Care to know what it feels like to be thanked by a total stranger? Pick up a piece of garbage.
I was on the Common yesterday, my neighbourhood park, with my garbage grabber, a bag, and my dog. My garbage habit predates him but he’s the reason I’m there these days, him off-leash, following his nose, me following my eye, stalking the litter.
As we were finishing up, a young woman jogged by. She didn’t make eye contact, didn’t slow down, but as she passed she said loudly and clearly, Thank you. You’re welcome, I said into her wake, my voice raised to catch up with her. Moments earlier a fellow dog walker stopped to talk while I poked around in the bushes. He told me he picks up garbage as well. I think there are a few of us, I said. We agreed that taking matters into our own hands was preferable to being annoyed and grumpy. If we cross paths the next time you’re out let’s do it together, I said. Deal, he said. The previous week I’d passed a woman who’d been eying me from a distance. Do you work for the city, she asked as I approached. I toyed with the idea of telling her I’d just been released from prison and this was my community service. No, I said, I just don’t like the mess. She told me she and her neighbours had been talking about doing the same on their street. It seems garbage brings out the best in people.
I wrote to my city councillor to say I wanted to start a citizens’ garbage brigade. We have annual cleanup days for beaches, the downtown, and our harbour island, and those are great but the state of our streets and parks is such that we could use all the other days of the year for everywhere else. I suggested that the councillor invest in a small fleet of garbage cans on wheels that people could check out of the library, fill, and return. I didn’t hear back. As an alternative, I retrofitted a perfectly good grocery buggy someone had abandoned and now use it for days when I want to take on an entire section of street. Do you live here?, an apartment dweller yells down from his balcony. No, I say, But I’m not picky, Garbage is garbage.
Litter’s not always the product of carelessness; it’s not necessarily the work of a deranged sociopath. Sometimes it’s bagged garbage that’s gotten loose, the victim of a hit and run or a strong wind, contents spilled and spreading. Someone has to deal with it. It won’t pick itself up, my mother would say. Now that it’s loose it’s up for grabs, anyone and everyone’s responsibility. That bag of dirty diapers that broke open in front of my neighbour’s place when the sidewalk plow hit it in the winter? It’s all mine now since I’m the one who’s so bothered by it. More speechless and stunned than overtly grateful the neighbour joined in when she spotted me.
I don’t pick up garbage every day and when I do it’s not born of altruism. It’s simpler than that. I’m selfish. I don’t want to look at it. I’m indulging an I-can’t-stand-this-another-moment urge, a slightly despairishy state of mind for which garbage-letting, my version of bloodletting, appears to be the only solution. It’s all about me. It stops my head from imploding with outrage and indignation about the state of our planet.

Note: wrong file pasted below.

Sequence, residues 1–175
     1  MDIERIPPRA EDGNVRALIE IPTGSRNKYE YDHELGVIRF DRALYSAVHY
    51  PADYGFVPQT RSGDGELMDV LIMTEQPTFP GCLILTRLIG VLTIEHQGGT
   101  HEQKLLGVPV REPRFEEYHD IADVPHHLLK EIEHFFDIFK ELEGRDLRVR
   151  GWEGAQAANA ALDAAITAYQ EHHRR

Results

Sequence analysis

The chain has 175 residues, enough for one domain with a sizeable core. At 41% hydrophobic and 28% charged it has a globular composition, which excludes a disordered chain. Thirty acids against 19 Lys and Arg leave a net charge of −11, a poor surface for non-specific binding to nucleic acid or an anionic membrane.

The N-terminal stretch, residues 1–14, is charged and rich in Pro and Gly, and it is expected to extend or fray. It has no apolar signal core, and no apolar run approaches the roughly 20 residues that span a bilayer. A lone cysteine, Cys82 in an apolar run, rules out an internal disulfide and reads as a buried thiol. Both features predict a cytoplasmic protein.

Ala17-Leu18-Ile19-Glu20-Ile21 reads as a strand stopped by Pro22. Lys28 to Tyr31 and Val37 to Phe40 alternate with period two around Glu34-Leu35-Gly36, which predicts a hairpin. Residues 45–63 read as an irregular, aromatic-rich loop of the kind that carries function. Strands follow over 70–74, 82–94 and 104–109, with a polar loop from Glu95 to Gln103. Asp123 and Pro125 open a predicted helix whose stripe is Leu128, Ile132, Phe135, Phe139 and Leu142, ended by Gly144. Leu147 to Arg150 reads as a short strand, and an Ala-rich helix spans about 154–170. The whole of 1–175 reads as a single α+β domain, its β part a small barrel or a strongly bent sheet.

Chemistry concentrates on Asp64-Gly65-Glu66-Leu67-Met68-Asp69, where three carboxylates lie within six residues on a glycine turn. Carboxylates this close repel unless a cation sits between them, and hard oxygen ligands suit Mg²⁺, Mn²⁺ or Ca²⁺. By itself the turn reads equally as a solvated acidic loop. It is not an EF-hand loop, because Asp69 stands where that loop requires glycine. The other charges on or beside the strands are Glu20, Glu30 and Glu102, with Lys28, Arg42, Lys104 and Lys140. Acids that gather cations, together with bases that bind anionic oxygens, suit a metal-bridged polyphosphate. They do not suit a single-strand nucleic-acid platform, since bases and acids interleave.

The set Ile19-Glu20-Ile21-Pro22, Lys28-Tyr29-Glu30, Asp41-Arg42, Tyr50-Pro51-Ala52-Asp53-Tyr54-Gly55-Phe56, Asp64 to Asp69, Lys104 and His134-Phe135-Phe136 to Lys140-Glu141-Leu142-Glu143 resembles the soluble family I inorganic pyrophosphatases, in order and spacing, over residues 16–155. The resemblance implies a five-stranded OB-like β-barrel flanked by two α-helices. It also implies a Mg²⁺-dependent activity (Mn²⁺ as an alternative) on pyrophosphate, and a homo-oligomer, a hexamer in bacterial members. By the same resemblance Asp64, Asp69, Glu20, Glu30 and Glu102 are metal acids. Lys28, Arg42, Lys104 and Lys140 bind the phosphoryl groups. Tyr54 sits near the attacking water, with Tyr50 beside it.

My garbage hobby is just that though, a hobby. I’m aware that it does nothing to fix the underlying problem. Garbage is a symptom, after all. It’s runaway consumerism’s chunky vapour trail. Garbage does not figure among the worst of the world’s problems, war and oppression and bigger environmental degradations topping that list. Picking up garbage doesn’t really help the world, it just tidies it. For a minute. A bit.
But once you do it and someone says thanks you realize you’ve tapped a vein. You’ve happened upon a shared sentiment. You’re not alone. Others feel similarly. The sight of garbage is depleting; it erodes the spirit. It requires active ignoring to walk around or step over and that takes a toll. Picking it up is almost easier. It’s not for everyone but it doesn’t need to be. Even a few of us can make a big difference. Not everyone needs to be a zealot but those of us who are might as well use it.
My kids and I started picking up garbage years ago on the way to school. Finding it hard to walk past each day, I suggested we take along plastic shopping bags and clean as we go. The kids tried to out-do one another. It was a game, a scavenger hunt. When it didn’t slow us down it sped us up. We deposited the proceeds in dumpsters and sidewalk receptacles along the way. I don't think they do it any more but at least they know they can.
Embarrassment can keep us from acting, self-consciousness a disincentive. I know. I used to feel that way. Who wants to be seen picking up garbage? But what if we thought of ourselves as the litterati? I’ve fantasized about garbage grabbers — Nifty Nabbers, Reacher Grabbers, Grip n’ Grabs — being available at Mountain Equipment Coop in amongst the running and biking and hiking gear, like walking poles. Everyone would want one. Picking up garbage would become cool. Legit. Competitive. We might even run out. But in the meantime, until we do, those of us who pick up garbage can do so safe in the knowledge that if our efforts elicit any response at all it’s likely be one of gratitude.
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I also do this on hikes, usually by the ocean, where plastic floats in from the littered ocean. It is heartbreaking at times but satisfying when picked up...
When I had a dog and a ready supply of poo bags, I'd pick up other dogs' doo on my walks too. It's true it helps disperse the moral outrage.